Review: The Stinky Street Stories: 2 Stinky – Interview with illustrator Jules Faber

Jules Faber Stinky Street 2The Stinky Street Stories: 2 Stinky by Alex Ratt & Jules Faber
Pan Macmillan Au RRP: $14.99AUD

Awhile ago I reviewed the odorous book series The Stinky Street Stories, including an interview with clever kids’ writer Alex Ratt. Perfect for young readers in the 8-12 years bracket, these short story collections unpack the utterly disgusting adventures of Brian (‘Brain’) and his sidekick Nerf as they uncover the origins of local suspicious stenches!

These books fall into the ‘deceptively simple’ category, which I personally love. On the surface, they’re easy reads with madcap storylines, but look a little closer and you’ll find clever characterisation, brain-expanding vocab and charming lessons in friendship and resilience.

Stinky Street Stories 2 has just hit the shelves and this time I was lucky enough to interview talented illustrator Jules Faber. You may recognize his engaging, cartoon-inspired drawings from such mega-series as the WeirDo books. My Mr 6 made that connection straight away – which made him even more keen to get stuck into some stink!

Jules is an award-winning children’s book illustrator and cartoonist. With Anh Do he won the 2014 Book of the Year for Older Children for WeirDo. He has also won three Rotary Cartoon Awards, which is Australia’s biggest annual cartooning competition. He has illustrated covers and interiors for over 25 books and continues to work with some of Australia’s greatest authors. He’s also really friendly … see below!

 

Interview with illustrator Jules Faber

Illustrator Jules Faber

Jules Faber

Thank you for helping my readers get a better understanding of life as a children’s book illustrator!

You’re more than welcome. You’re super welcome.

In my imagination, all professional illustrators were once those kids who liked to sketch in the margins of their school books. Have you always loved to draw? 

Your imagination is pretty spot on. I started drawing at around age 4 when I saw Mr Squiggle on TV, so you could say I’ve always loved it, yes. It took me until age 10 to decide it was what I wanted to do for a job and then many, many years of practice getting good enough to make a living from it. Years later I was invited to visit Mr Squiggle and it was one of the most incredible days of my life. He was the very same marionette I had so loved as a boy – but for a few paint touch-ups here and there and new clothes. It was a wonderful moment to hold his hand and say thank you to his wonderful puppeteer Norman Hetherington, who is sadly no longer with us.

I’d love to know more about how author/illustrator teams match words with images. Do the words usually come first, leaving you to work your magic second? Or is it more of a collaborative process?

Sometimes there’s collaboration. Oftentimes I just get given a manuscript. Sometimes with suggestions of what is needed to draw, other times I’m left to my own devices. Each publisher does things differently, as do authors. Some send character suggestions and such, others let me just interpret it my way. Whichever way people do it is mostly cool with me. It keeps it interesting.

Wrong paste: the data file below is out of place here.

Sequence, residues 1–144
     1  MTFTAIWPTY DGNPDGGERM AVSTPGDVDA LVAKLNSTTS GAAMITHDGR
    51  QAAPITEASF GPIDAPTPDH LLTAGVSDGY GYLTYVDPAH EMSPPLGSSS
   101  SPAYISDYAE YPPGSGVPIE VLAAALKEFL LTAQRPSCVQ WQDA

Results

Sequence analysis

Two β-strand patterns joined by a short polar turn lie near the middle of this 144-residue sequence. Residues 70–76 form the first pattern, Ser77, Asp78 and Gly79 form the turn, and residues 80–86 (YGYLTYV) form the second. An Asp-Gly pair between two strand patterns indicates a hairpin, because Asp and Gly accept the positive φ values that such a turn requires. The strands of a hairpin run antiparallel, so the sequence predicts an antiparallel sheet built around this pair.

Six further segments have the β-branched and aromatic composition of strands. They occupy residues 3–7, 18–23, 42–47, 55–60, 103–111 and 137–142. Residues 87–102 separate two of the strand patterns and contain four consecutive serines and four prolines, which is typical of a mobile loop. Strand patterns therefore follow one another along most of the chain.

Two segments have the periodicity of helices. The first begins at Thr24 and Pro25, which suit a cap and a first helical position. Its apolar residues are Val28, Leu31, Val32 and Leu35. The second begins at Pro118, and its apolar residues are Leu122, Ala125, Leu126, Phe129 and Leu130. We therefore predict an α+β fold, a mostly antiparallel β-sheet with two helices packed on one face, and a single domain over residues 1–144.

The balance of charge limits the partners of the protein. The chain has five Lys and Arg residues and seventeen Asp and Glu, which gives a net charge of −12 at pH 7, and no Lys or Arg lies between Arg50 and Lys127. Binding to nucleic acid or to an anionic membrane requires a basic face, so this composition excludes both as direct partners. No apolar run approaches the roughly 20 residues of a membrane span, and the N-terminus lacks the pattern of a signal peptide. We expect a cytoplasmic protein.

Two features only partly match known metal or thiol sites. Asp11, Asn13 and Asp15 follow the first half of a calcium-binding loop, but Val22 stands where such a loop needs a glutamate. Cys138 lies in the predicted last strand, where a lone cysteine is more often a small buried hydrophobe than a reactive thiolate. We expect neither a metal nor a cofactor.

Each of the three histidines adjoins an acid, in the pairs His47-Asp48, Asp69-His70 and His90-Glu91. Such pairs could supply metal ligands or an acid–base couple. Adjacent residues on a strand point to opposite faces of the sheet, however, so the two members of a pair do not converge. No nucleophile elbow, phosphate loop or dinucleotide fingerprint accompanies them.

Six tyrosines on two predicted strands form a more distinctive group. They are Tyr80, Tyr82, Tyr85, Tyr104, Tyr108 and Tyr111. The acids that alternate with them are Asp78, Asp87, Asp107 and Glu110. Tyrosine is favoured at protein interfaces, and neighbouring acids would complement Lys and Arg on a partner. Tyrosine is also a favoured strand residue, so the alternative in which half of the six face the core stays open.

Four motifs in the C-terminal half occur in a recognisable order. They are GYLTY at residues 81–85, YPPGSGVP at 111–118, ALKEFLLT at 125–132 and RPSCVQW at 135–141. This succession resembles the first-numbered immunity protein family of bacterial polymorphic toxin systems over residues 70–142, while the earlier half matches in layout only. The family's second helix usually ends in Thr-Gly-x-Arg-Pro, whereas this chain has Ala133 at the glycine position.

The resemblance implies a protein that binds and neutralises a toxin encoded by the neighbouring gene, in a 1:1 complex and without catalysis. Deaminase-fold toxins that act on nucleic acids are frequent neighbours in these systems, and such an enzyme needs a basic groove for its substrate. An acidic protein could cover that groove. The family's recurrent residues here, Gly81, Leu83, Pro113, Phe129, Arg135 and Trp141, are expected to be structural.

I’ve heard that some author/illustrator teams never even meet in real life! Did you know ‘Alex Ratt’ before you worked on the Stinky Street Stories – or did the publisher bring you together?

We did know each other previously due to our mutual love of false moustaches and running into each other at book events. It’s such a small industry it’s hard not to keep bumping into the same people. We became mates and so I was thrilled to be offered the opportunity to work with ‘Alex’ on Stinky St.

The Stinky Street Stories are for kids who are moving past picture books and into the early chapter book stages. Why are illustrations still important in books for developing readers?

Kids love to draw and it’s the first way we have of expressing ourselves, usually before we can even speak. It’s been hard-wired into us ever since the days of cave people, when people would draw stories and news thousands of years before there was ever a written language. So kids can relate to pictures and especially simple cartoons because they’ve been with us since the start.

As an illustrator, were there any unique challenges when it came to creating Stinky Street and its inhabitants?

The two lead characters are loveable idiots but I wanted them to look different from each other whilst still being able to see how they could be friends. The narrator Brian is trying to sculpt how people see him (which doesn’t work) and his best friend Nerf is a like-minded individual raised by hippies who is a bit 1980s. His tech is 80s tech for example and heaps of fun to draw. So I wouldn’t say ‘challenges’ per se, more like a super-fun crazy world to jump into and swim around in. Except this time it was much stinkier than usual.

Thank you so much for your thoughts!

Again, you’re super welcome!

 

Buy The Stinky Street Stories by Alex Ratt & Jules Faber at your favourite local bookstore, or here…

Booktopia

 

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